Fangirl by Rainbow Rowell is cute, relatable, and touching.
I’m a nonfiction person- I like true crime, journalism, and feminist books- but this young adult novel was a nice change of pace for my reading list. For starters, the book is set on a college campus in 2011. The main character, Cath, is getting used to college as a freshman. Maybe it’s because I also came to college in 2011 that I felt a connection to the story. Or maybe it was the references to how Cath and her twin sister, Wren, remembered 9/11 happening when they were in elementary school. That’s a sad thing to relate to, but it’s also a unifying experience that everyone of a certain age has. I still feel shocked when one of my student workers tells me that they don’t remember 9/11, or (gasp) they weren’t even born yet! They don’t remember Y2K either- which, if you don’t know how important that was, here’s an example: my husband’s family of 11 stockpiled food and supplies for months leading up to Y2K, only for nothing to really happen. There’s nothing wrong with not remembering 9/11 or Y2K, though. It just makes me feel old.
Anyway, back to Fangirl. So Cath and Wren go to college, and Wren wants time away from Cath. College is scary for Cath, who struggles with anxiety, but she manages to make a small cast of interesting friends. One of these friends turns out to be a love interest for Cath, and their romance is pretty cute. They’re very different in personality and interests, but they both put a lot of effort in their relationship, which is heartwarming to read about. Plus, this character brings out the best in Cath, who can often withdraw when she really needs to be asking for help.
Another major point in the book includes Cath coming into her own as a writer. She excels at fanfiction writing- in fact, she’s writing a really long and Internet-famous piece about Simon Snow (who is basically this world’s Harry Potter). However, Cath learns in her Fiction Writing class that she may need to branch out and create her own characters.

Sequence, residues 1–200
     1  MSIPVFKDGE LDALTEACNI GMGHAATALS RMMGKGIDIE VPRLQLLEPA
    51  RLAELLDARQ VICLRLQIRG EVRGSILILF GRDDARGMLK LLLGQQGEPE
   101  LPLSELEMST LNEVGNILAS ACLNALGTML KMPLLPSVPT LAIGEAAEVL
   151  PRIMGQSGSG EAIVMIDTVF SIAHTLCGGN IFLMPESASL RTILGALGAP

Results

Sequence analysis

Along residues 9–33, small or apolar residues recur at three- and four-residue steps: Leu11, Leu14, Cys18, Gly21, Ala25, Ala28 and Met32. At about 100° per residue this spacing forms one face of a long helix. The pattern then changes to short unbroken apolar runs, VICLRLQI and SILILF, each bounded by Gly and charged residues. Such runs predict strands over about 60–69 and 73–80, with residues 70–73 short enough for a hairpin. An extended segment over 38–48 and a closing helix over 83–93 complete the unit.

Fangirl also has brief but powerful descriptions of mental illness and, thankfully, getting the help the characters need. Cath’s family has trouble coming to terms with the reappearance of Cath’s distant mother, Cath’s father struggles with manic/depressive episodes, and Wren has to face up to an alcohol addiction. Still, in all of the turmoil, the characters make progress in their treatments and with their relationships. It’s encouraging to read about mental illness in a real way- it’s hard, it affects others in your life, but there is also help for those who need it.
I’d recommend Fangirl to any freshman who’s still new to college, growing up, and figuring out your relationships (with family, friends, or significant others). I’d also recommend it to people who have graduated already and want to take a look back at how things used to be. It’s nostalgic without being overwhelming. Added bonus: if you love Harry Potter, you will definitely relate to Cath’s Simon Snow obsession.
Content note: Fangirl contains some suggestive scenes and language.